It’s funny, but the girls never hang out upstairs in the bedrooms unless we’re headed to bed. I don’t know if they’re chickens or if it’s just cozier on the first level, but we all stick together either in my office or in the sunroom or in the garage. Otherwise known as the art studio! This is a wonderful layout in which to be a family, and I like it that way.
Q: What has been your favorite part about living with your own kids? What do you already miss?
A: I like my girls. I just do. In between all the yelling I seem to do, I look at them and mist up. How did I win this lottery? I certainly don’t deserve them, and there are many days they don’t deserve me; they deserve better! I’m sure we all feel this routinely, yes?
But my favorite part of the day is when it’s ending. There are nights every so often when we’re all in the same spot and in the same mood and willing to listen to each other. Not just willing. Wanting. The listening, to me, is the easiest and most enjoyable part about living with my kids. They are story-tellers who understand the power of a beginning and a middle and an ending. I hope they live their lives with the same kind attention to all those parts of their own stories, too.
Q: Please finish the sentence: I wish someone had told me…
A: …how heartbreaking it would be to have a family. It’s not even these years that are the heartbreaking ones. Everyone said the teenage years would be gut-wrenchers, but they’re not. They’re actually pretty wonderful.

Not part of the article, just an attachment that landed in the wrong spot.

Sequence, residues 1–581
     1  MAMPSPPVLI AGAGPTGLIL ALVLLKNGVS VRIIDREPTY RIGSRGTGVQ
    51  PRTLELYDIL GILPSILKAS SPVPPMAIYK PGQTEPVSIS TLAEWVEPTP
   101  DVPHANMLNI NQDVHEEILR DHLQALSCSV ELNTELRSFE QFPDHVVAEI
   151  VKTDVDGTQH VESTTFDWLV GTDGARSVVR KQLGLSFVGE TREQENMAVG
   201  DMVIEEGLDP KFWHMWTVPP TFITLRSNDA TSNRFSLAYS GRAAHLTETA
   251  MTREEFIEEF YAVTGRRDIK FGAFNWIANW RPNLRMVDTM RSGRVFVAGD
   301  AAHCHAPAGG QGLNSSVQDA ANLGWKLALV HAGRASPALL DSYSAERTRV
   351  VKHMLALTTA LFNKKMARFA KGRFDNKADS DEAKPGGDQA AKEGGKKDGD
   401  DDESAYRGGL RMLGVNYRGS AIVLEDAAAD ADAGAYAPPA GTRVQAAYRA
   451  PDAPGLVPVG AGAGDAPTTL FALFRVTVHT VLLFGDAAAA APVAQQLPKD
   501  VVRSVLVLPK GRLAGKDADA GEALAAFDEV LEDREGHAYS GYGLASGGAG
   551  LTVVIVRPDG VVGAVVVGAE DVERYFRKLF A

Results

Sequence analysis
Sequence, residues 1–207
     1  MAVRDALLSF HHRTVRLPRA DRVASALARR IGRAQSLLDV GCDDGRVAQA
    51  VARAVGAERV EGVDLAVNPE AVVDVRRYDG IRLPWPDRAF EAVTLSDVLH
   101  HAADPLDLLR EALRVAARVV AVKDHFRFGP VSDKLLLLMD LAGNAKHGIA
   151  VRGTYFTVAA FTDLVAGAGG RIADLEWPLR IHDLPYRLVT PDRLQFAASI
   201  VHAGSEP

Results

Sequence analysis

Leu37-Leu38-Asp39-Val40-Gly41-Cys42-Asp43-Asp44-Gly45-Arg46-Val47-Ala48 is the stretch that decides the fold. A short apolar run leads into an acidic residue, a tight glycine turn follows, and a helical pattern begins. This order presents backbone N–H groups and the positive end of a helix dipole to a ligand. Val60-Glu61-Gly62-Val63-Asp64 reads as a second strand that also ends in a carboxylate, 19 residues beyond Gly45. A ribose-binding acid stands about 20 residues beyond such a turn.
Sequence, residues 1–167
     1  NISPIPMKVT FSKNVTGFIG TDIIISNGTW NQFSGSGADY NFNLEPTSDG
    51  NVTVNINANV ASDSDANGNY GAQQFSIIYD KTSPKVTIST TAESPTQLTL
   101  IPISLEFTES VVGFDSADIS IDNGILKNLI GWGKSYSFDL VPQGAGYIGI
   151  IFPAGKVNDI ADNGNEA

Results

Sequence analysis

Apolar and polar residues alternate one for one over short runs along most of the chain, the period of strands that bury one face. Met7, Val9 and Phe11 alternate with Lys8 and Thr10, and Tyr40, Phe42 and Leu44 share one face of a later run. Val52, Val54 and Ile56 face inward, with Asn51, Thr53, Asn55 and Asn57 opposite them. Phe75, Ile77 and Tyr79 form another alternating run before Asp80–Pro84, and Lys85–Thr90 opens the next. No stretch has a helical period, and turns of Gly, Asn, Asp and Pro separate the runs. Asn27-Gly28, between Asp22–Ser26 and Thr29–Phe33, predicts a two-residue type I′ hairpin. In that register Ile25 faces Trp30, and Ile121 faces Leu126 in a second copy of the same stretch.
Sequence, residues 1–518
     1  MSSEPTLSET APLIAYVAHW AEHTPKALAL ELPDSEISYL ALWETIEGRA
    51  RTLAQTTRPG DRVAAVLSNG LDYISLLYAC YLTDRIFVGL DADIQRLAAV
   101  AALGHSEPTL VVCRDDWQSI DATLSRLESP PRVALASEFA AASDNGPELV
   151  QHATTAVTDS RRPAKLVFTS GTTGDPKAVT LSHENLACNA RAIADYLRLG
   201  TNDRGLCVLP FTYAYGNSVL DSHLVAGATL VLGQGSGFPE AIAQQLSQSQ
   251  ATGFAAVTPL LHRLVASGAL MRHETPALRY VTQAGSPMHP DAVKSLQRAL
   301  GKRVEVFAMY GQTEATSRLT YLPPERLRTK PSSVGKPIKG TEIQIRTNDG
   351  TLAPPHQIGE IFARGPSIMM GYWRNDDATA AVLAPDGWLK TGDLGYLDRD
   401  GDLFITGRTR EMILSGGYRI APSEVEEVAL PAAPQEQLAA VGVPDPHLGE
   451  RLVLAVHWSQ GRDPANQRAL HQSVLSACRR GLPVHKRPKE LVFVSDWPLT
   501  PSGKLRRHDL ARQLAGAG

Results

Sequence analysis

It’s the ones coming. I can feel it. I am going to have to let these girls go someday and hope they want to come back and see me sometime.
I mean, imagine it. Someone gives you the best gifts you could ever dream up. Three of them. And every day is like Christmas, with the waking up and seeing those same happy gifts every single day. Over and over and over again. Except if they’re at a sleepover. And then one day, it all turns into Casimir Pulaski Day. Which could be a very fine day, but I don’t think you get the same sort of presents. If any. I’m going to have to figure out how to celebrate it. And no matter how awesome a day it may be, I know I’ll always miss the never-ending Christmas.
Oh, Karey! I loved this. Thank you for the tour around your Jakarta life. I’ll miss the never-ending Christmas, too.
Friends, I’m curious about one thing she mentioned: How do you feel about family photos on the wall? Karey’s home seem like a huge photo album that they can look at every day, and I like that! How about you? What’s your philosophy on gallery walls?